Juvenile blackbirds flock together in their spring before maturing. They practice their calls and bounce between branches. The red wing variety shake like wet dogs and show off the band of sun plumage on their wings. Morning or evening sun makes their feathers lucid iridescent. They bounce with splayed feathers across blue highways and balance atop fence posts and tall reeds rolling songs.
I am the song they sing.
Driving on the little highways, we can see the weather ahead of us. We can see rain in rue gray sky where we have to cover the embers of our fire with thick bricks of existentialism. It is sad camping in the rain at night. Tarps and mud may never soothe the soul. Eating in small town diners, reeking of smoldering campfire requires a thirty percent tip. Unless they forget the extra pickles.
I’ve harped about the democratic image of big box retailers killing local economies of small towns. The past two days echoed my suspicions. Every small town we passed had a Kentucky fried Chicken, McDonald’s, Hardees, Taco Bell, Taco John’s, Wendy’s, Culver’s, pizza Hut, Dominos Pizza along the main drag. When we meander into the former downtown, we encounter boarded up neo-gothic, Romanesque facades of 19th century storefronts. The buildings were sinking into the ground like the economy. Every town had churches too. The stained glass windows of the Madonna with child or Christ’s last stand left colored shadows on the cracked sidewalk on the samara strewn boulevards.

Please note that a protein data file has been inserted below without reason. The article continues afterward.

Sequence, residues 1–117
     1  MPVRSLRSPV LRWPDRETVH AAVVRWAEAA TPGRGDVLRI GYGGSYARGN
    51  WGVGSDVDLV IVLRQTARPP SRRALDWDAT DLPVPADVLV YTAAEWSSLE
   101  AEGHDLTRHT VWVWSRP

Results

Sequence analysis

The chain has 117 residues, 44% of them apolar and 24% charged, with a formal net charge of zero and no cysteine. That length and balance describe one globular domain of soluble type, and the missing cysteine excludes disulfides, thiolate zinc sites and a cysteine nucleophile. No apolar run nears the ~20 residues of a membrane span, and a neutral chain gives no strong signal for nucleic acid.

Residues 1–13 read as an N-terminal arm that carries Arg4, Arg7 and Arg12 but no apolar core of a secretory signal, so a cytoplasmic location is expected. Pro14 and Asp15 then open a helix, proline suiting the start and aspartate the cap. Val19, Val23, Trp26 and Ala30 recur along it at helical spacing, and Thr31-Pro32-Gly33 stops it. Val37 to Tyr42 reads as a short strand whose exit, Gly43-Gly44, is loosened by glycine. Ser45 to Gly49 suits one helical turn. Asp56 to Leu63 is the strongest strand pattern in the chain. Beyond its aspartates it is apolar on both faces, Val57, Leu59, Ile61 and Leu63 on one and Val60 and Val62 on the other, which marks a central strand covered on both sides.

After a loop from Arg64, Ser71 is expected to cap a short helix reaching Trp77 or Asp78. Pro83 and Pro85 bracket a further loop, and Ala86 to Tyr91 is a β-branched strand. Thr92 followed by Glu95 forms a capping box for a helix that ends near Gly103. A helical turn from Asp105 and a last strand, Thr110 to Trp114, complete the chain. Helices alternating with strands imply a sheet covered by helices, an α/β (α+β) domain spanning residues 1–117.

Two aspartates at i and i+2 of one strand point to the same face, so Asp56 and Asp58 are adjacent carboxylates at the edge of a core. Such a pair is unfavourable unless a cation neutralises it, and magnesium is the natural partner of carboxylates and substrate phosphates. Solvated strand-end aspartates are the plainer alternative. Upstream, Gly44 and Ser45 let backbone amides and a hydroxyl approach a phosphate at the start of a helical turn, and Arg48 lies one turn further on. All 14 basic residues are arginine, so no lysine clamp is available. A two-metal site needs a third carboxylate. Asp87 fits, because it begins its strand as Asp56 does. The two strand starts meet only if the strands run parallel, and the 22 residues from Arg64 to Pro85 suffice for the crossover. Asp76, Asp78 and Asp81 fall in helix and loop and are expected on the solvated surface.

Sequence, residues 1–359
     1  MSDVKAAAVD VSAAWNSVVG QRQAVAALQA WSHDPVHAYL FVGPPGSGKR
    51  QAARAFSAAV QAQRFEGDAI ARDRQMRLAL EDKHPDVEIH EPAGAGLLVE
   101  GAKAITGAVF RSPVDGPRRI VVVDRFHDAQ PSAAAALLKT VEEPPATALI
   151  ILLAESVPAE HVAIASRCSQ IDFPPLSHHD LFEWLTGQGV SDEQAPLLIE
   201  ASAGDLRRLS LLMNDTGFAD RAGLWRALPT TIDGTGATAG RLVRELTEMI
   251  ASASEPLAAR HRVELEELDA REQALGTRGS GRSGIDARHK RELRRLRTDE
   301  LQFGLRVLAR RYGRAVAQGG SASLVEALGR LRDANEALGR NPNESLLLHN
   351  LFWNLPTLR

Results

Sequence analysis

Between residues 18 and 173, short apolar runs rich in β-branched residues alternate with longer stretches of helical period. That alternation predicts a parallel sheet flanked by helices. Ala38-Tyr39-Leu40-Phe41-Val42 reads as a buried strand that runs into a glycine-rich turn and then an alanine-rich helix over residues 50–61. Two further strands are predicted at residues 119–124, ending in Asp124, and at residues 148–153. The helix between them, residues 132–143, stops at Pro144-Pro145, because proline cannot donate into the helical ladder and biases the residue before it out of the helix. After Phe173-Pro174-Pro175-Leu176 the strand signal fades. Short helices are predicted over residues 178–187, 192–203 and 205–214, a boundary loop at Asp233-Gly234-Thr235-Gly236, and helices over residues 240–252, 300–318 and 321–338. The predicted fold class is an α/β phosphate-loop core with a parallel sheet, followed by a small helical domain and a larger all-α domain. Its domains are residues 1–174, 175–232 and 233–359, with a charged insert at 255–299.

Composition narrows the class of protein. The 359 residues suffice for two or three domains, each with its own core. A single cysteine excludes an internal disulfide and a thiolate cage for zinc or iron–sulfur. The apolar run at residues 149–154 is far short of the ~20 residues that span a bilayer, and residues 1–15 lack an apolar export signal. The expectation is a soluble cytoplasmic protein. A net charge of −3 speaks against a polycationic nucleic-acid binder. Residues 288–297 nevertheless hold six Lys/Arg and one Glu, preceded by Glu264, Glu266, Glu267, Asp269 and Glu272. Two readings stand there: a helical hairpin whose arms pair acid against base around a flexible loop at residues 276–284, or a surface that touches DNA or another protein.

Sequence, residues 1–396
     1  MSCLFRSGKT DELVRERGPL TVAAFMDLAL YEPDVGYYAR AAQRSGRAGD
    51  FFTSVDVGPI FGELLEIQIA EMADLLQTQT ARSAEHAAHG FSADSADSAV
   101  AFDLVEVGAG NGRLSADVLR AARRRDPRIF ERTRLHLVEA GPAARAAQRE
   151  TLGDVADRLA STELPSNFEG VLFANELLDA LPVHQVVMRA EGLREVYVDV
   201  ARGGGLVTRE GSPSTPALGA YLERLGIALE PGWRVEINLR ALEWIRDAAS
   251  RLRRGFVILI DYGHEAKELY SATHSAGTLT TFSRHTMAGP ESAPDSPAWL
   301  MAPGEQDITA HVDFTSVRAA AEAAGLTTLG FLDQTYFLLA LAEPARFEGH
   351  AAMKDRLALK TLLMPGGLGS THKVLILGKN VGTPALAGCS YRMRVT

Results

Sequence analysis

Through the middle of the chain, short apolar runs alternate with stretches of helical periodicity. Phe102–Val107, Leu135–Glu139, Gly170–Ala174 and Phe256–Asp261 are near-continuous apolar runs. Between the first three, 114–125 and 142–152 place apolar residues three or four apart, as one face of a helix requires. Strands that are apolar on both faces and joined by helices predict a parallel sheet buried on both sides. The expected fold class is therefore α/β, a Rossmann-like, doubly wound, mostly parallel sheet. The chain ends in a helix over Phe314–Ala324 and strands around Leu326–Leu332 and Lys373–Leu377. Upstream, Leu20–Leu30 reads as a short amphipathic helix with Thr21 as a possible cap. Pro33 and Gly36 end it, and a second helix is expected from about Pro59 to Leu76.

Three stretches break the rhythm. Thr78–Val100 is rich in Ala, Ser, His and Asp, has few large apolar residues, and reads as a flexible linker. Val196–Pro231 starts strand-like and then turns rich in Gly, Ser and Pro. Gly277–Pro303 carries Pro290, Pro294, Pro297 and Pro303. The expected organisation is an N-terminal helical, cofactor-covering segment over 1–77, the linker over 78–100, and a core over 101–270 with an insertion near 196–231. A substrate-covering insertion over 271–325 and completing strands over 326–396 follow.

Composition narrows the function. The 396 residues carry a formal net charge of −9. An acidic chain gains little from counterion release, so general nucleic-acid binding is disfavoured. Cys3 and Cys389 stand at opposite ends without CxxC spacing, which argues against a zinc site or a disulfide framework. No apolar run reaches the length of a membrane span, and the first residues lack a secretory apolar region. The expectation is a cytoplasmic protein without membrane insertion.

Ever wonder where god is?
The blackbirds sing. They roll and mimic.
I have been looking for something more the lesser part of my life.
Despite the repose and awfulness of mourning in these small towns, where everyone old stays and remains, where everyone young leaves and leaves. In these small towns, we found miracles. In long lost churches and city halls and libraries, we found people. Abstract dimples on an stretched canvas. People with love and hope, all for me. They go home to manicured lawns covered with lawn ornaments we can’t ever forget.